New I have couple of RA / TA positions, could be turned into PhD positions dependent on satisfactory performance. Contact me for details.



The evolution of social media texts such as blogs, micro-blogs (e.g., Twitter), WhatsApp, and chats (e.g., Facebook messages) has created many new opportunities for information access and language technology, but also many new challenges, making it one of the prime present-day research areas. Non-English speakers, especially Indians, do not always use Unicode to write something in social media in ILs. Instead, they use phonetic typing/ roman script/ transliteration and frequently insert English words or phrases through code-mixing and anglicisms (see the following example [1]), and often mix multiple languages to express their thoughts. While it is clear that English still is the principal language for social media communications, there is a growing need to develop technologies for other languages, including Indian languages. India is home to several hundred languages. Language diversity and dialect changes instigate frequent code-mixing in India. Hence, Indians are multi-lingual by adaptation and necessity, and frequently change and mix languages in social media contexts, which poses additional difficulties for automatic Indian social media text processing. Part-of-speech (POS) tagging is an essential prerequisite for any kind of NLP applications. This year we will continue the last year’s POS tagging shared-task on three widely spoken Indian languages (Hindi, Bengali, and Telugu), mixed with English.


Example 1: ICON 2016 Varanasi me hold hoga! Great chance to see the pracheen nagari!


Participants will be provided training, development and test data to report the efficiency of their POS tagging system. English-Hindi, English-Bengali, and English-Telugu language mixing will be explored. The datasets may be provided with some additional information like the languages of each word. Efficiency will be measured in terms of Precision, Recall, and F-measure. Shortlisted candidates will present their techniques and results in a special session at ICON 2016. 

The contest will have three prizes: 

FIRST PRIZE: Rs.10,000/- 
SECOND PRIZE: Rs.7,500/- 
THIRD PRIZE: Rs.5,000/-


We are releasing code-mixed WhatsApp data for 3 language pairs: English-Hindi, English-Bengali, and English-Telugu. Possibly this is the first time NLP related issue on WhatsApp messages is being discussed. WhatsApp messages are relatively much smaller than Facebook and Twitter messahes, therefore more challenging. Hopefully it will be a exciting!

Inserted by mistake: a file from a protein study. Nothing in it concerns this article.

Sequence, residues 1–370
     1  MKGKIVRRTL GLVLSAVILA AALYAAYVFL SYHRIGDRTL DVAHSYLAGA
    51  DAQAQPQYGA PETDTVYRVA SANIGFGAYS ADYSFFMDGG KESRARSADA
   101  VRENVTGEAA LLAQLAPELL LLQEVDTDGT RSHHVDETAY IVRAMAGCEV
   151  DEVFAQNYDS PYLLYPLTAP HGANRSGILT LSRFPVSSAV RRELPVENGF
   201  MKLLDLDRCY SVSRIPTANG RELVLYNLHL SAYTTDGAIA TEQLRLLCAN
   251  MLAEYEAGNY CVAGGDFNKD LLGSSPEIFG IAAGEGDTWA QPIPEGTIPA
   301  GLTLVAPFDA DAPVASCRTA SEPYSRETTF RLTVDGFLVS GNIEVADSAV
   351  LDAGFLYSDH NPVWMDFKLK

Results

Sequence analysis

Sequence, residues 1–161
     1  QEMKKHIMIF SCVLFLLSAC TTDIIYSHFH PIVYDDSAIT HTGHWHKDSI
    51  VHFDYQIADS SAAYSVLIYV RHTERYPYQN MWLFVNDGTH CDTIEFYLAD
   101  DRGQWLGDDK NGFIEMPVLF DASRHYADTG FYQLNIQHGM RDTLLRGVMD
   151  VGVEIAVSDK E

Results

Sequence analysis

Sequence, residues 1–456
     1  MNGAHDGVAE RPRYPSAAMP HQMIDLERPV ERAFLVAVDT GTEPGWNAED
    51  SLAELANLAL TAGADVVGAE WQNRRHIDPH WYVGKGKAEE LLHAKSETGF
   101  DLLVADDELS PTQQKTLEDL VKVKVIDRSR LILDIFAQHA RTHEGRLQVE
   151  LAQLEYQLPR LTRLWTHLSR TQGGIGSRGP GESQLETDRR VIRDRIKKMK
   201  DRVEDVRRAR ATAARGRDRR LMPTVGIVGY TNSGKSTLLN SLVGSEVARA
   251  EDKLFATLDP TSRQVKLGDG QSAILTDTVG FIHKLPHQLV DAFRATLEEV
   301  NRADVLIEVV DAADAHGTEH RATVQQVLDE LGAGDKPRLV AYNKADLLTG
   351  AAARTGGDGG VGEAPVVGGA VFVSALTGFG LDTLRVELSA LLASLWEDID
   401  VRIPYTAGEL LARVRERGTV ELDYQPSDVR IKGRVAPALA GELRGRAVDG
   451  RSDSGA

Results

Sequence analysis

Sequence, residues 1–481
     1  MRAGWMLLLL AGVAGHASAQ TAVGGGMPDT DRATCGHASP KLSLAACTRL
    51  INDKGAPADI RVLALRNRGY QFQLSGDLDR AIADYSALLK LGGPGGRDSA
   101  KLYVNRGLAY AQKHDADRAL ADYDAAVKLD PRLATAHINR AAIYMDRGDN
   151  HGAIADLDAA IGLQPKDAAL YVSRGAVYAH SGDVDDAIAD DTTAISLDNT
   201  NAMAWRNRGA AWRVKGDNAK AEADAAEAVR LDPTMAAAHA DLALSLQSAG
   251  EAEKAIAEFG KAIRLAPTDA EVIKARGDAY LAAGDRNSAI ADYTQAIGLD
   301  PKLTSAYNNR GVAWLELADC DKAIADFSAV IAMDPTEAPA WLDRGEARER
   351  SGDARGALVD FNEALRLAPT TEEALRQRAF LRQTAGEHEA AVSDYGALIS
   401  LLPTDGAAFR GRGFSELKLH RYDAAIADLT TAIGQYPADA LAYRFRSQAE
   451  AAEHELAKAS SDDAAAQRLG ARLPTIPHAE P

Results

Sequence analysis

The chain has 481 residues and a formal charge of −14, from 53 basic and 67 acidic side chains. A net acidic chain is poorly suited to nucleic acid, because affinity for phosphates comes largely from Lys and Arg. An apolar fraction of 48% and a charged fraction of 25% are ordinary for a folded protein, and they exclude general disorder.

The contest task is to predict POS tags at word level, whereas language tags (en, hi/bn/te, univ {symbols, @ mentions, hashtags}, mixed {word level mixing like jugading}, acro {lol, rofl, etc}, ne, undef) at word level will be given. There will be two tracks: fine grained a coarse-grained tagset (Google universal tagset). Fine-grained tagset and their mapping to coarse-grained tagset is mentioned in the Table 1. More details about the tagset could be found in our RANLP paper.

Table 1: POS Tagset

Each team may submit up to 4 runs, one constrained (*2 for fine-grained and coarse-grained) and one unconstrained (*2 for fine-grained and coarse-grained).

Constrained: Means the participant team is only allowed to use our corpus for the training. No external resource is allowed.

Unconstrained: Means the participant team can use any external resource (available POS tagger, NER, Parser, and any additional data) to train their system. Accordingly they have to mention those resources explicitly in their task-report.


Team will be doing best in all the language pairs using only our data (constrained) will be the winner. All the unconstrained submission will used for the academic discussion during the session.

** Note: teams can use ICON 2015 data as additional resource, but the submission will be considered as unconstrained.


Training data for Twitter (1K), Facebook (1K) and WhatsApp (1K) will be release for all the 3 language pairs: English-Hindi, English-Bengali, and English-Telugu. Although for bi- or multi-linguals code-mixing is a natural practice, but what is the actual distribution of code-mixing in any social-media corpus is an important question. We have observed that monolingual English and romanized Indian languages (ILs) messages are also equally prevalent in social media. For this cotest we discarded almost all the monolingual English messages, as there are other research efforts and forums, where the actual research problem with English social media has been discussed extensively. Here we will be concentrating only on code-mixed En-ILs and monolingual ILs.